And this leads to the peculiar thing: this could easily be the end of the game. The story has come full circle, everything has funnelled into this one confrontation, and the car-vs-helicopter chase seems kind of ultimate. But it might just be the end of a chapter. The first chapter similarly funnels into a single mission requiring a large amount of cash after you complete all the missions for the Mafia in Portland. As a result of finishing that mission, you gain access to Staunton Island and can get new missions from the Yakuza. The same narrowing of options occurs in the second chapter, and ends when Shoreside Vale becomes available, but you still get your missions in Staunton, even as the content of those missions takes you into the newly-opened territory. Catalina’s ransom demand is the first mission that starts in Shoreside Vale. Maybe this is just the start of a shift to the new area, and a new series of missions will follow, probably involving Catalina in some way.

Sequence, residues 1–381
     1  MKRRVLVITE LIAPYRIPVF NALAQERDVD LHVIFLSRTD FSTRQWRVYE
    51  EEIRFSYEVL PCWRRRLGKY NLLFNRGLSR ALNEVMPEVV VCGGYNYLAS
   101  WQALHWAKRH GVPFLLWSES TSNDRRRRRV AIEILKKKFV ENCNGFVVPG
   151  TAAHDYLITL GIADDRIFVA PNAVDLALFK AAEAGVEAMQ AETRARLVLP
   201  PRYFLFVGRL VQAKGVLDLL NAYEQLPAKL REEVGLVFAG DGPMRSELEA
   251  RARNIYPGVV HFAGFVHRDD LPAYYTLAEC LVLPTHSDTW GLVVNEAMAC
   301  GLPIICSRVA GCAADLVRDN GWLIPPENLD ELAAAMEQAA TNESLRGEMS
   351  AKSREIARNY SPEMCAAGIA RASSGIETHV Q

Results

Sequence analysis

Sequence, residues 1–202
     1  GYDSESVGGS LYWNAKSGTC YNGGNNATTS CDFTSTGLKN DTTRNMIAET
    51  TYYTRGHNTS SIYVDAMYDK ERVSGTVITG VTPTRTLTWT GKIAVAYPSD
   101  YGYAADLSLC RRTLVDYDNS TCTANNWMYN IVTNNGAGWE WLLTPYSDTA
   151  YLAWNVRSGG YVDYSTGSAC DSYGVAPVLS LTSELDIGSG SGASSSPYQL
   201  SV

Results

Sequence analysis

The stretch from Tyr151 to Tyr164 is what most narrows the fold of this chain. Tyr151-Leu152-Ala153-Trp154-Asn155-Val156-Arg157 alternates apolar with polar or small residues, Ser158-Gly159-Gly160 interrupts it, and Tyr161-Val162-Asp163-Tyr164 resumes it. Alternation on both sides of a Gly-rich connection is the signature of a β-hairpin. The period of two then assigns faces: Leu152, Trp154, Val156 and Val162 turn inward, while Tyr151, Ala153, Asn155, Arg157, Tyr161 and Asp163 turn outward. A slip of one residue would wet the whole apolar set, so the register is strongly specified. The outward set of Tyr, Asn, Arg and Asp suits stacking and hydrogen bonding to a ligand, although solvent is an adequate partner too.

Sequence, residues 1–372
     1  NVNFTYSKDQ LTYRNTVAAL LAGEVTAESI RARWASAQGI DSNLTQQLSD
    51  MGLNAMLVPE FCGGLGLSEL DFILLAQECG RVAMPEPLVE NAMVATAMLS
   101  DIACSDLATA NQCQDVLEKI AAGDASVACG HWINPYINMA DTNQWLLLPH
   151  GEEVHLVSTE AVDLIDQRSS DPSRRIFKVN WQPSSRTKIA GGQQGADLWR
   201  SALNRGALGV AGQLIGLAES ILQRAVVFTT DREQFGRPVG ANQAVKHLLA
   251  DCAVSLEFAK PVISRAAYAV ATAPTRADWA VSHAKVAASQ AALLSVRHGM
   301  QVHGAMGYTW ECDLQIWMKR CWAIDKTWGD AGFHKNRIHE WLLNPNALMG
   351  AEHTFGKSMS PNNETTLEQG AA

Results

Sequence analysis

This uncertainty is something peculiar to games. When reading a book, you always know how far you are from the end. When watching a movie, you may not know exactly, but you know approximately how long it is and how long you’ve been watching it. With a game, all you have to go on is the game’s content. A lot of games make it obvious when you’re approaching the end, by making it clear what your ultimate objective is and providing some metric of how close you are to that objective. For example, if a game is divided into levels, and you’re told in adavance how many levels a game has, the number of levels you’ve completed serves as such a metric. But this sort of thing is the result of deliberate design decisions, and not inherent to the medium. The geography of Liberty City, and the design of the first chapter, suggest that this is a story with three chapters tied to the three districts, but the missions in what I’ve been calling “chapter 3” call this into doubt.

GTA3: Dodo